Particle physics for clothes
37.5 technology – named for the optimal human body core temperature (in celsius) and the optimal relative humidity level (by %) – uses active particle technology to maintain a desirable microclimate next to the wearer’s skin. Using activated carbon sourced from coconut shells and volcanic sand, 37.5 has an array of apparel partners, including Adidas and Asics, not to mention the US military – and now ESA’s Couture in Orbit. Founder and Chief Technology Officer Dr Gregory Haggquist tells his story.
Adding materials to other materials has been done for a long time – it’s well known that activated carbon works for odour control, for instance, being used for burial cloth in ancient times.
As a chemist, initially I was looking into odour-eliminating functionality, but then came upon this great byproduct: the resulting fabric felt great to wear. By drying out this micro-environment between fabric and skin you really enhance the cooling ability and comfort range.
At first the particles adsorb water molecules – like a landing strip for refuelling, where they can gather energy to go on – then body heat in the form of infrared light is absorbed by the particle and powers a pumping action to move the water molecules the rest of the way out of the system, creating a gradient from more to less water molecules.
The particles can also help to warm you when needed, returning absorbed heat to the body when limited water vapour is present.
We went through well over a thousand materials to pick out the precise physical properties we wanted. The material had to be able to absorb water, and also let it go, while absorbing the infrared heat energy thrown out by the human body.
In particular, the particles needed to be porous to have enough surface area to speed up the kinetics of the process, so that the material responds very quickly, to speed moisture away.
These particles exist in nature anyway, but the really challenging part was to be able to embed them into fabric in a usable way. If you simply melt your polyester so that it coats the particles completely, then they would no longer properly interact – their porosity would be blocked. So we found a coating material to encourage the particles to separate out from the polyester – kind of like M&Ms, sticking out of chocolate chip cookies. Then, taking it one step further, this coating is removed, exposing the particles so they begin to work.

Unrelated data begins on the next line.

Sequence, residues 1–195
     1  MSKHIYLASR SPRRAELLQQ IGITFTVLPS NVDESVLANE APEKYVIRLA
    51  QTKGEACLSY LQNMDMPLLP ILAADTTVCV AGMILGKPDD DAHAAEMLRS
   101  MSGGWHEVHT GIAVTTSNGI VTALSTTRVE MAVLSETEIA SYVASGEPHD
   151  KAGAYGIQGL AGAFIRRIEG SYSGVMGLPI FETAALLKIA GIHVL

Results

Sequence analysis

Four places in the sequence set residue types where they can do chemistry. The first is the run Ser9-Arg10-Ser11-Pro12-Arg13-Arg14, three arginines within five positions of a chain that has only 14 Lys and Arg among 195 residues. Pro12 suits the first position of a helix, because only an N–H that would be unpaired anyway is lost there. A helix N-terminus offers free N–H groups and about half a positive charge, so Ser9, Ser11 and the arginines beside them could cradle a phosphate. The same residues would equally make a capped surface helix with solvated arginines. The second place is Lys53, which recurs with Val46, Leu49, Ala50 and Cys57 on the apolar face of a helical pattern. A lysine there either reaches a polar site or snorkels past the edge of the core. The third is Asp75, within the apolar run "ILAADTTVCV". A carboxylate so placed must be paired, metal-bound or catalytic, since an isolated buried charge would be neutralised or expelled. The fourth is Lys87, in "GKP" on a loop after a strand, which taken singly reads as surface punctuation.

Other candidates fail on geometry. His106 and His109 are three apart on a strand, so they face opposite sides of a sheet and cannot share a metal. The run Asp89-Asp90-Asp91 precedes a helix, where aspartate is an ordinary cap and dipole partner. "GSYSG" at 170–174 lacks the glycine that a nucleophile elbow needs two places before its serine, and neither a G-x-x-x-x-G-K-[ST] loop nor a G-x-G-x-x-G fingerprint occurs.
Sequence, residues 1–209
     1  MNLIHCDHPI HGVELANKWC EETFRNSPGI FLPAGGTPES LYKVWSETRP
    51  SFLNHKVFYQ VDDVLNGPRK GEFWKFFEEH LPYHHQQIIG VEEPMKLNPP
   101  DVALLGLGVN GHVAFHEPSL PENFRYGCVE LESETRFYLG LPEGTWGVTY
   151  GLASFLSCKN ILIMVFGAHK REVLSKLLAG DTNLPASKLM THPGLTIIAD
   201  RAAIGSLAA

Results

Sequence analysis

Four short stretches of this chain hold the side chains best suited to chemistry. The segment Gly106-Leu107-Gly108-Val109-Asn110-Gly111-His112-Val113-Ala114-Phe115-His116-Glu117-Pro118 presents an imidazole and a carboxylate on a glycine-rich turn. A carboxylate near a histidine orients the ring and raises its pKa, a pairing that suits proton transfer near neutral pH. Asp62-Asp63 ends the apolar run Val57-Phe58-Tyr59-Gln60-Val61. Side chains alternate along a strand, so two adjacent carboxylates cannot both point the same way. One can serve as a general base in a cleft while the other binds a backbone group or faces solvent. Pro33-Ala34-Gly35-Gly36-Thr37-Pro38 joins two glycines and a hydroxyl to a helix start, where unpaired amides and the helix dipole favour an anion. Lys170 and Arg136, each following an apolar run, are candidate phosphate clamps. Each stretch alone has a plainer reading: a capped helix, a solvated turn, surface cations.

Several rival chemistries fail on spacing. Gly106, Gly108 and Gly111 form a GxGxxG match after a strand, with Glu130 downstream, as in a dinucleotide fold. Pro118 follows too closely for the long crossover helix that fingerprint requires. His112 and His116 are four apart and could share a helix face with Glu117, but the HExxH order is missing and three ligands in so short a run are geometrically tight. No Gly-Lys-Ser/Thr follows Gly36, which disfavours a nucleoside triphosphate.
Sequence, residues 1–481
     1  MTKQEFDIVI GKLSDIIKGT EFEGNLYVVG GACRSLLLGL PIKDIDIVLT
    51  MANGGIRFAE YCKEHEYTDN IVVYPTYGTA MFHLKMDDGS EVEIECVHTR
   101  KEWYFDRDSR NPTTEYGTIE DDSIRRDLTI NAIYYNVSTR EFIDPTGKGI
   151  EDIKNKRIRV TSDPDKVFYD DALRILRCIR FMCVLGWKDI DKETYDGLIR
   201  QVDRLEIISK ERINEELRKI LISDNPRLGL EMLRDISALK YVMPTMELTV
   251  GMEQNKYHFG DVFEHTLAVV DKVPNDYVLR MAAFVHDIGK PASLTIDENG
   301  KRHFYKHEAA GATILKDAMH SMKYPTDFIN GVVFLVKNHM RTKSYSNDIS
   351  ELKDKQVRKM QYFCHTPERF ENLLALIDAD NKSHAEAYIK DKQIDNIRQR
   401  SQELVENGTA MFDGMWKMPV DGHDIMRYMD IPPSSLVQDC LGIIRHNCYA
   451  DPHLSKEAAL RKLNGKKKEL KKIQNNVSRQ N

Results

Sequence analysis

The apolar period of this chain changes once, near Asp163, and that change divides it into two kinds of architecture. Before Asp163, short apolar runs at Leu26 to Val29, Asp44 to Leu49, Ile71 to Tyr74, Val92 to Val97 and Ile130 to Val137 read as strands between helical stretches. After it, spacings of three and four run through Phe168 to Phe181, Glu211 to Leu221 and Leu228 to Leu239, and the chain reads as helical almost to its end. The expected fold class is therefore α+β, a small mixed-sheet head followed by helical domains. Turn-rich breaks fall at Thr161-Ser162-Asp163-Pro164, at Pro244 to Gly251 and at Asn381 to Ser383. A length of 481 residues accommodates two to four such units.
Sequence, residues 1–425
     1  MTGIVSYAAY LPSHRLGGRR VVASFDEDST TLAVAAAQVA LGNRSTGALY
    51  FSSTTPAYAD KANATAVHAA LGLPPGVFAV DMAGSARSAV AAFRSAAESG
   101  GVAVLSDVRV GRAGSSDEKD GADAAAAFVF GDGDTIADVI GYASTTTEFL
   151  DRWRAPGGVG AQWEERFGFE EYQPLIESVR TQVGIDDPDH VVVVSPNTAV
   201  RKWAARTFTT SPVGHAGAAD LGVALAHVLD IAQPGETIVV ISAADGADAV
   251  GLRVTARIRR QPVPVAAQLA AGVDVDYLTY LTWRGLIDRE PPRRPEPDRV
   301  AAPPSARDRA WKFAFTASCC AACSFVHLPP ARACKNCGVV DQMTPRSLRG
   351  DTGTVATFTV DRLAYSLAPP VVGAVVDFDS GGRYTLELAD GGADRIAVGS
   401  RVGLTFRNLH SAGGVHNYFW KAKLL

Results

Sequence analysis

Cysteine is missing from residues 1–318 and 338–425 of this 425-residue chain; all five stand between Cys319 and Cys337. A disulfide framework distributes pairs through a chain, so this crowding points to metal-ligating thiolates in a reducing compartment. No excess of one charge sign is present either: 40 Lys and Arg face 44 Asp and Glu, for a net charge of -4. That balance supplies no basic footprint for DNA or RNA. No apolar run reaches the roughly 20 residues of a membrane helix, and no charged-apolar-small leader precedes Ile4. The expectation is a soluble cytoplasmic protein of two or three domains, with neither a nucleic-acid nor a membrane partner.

It was a hard sell at first but then once someone wears the product for themselves it really becomes clear that something is happening. It’s been tested at the University of Colorado Boulder in terms of making athletes perform better, even to sleep better when embedded in bedding.
With most performance wear you wash them five times and their properties can degrade dramatically. But we’ve got products that have spent eight years out in the field and they’re still working like they were when they were first out of the bag. This is a catalytic process, so as long as these particles stay exposed, permanently embedded in the fibre, then they go on working. And by washing them you’re only cleaning out the particles’ pores for the next day’s use. So it’s a product that lasts a long time – I can imagine an astronaut on a trip from Earth to Mars wearing it!
As I understand, several of the fashion schools have been looking at using it. The technology looks and feels like any other fabric – it can be blended in with natural fibres like wool, cotton, linen or silk, to optimise wearability by adding a percentage of 37.5 to it.
Now we have several of the world’s best suit companies looking into using it for suit linings, for a really comfortable wear against the skin. So this is a long way from the traditional tin-foil space age material – it’s great to work with and you can blend it with whatever you want.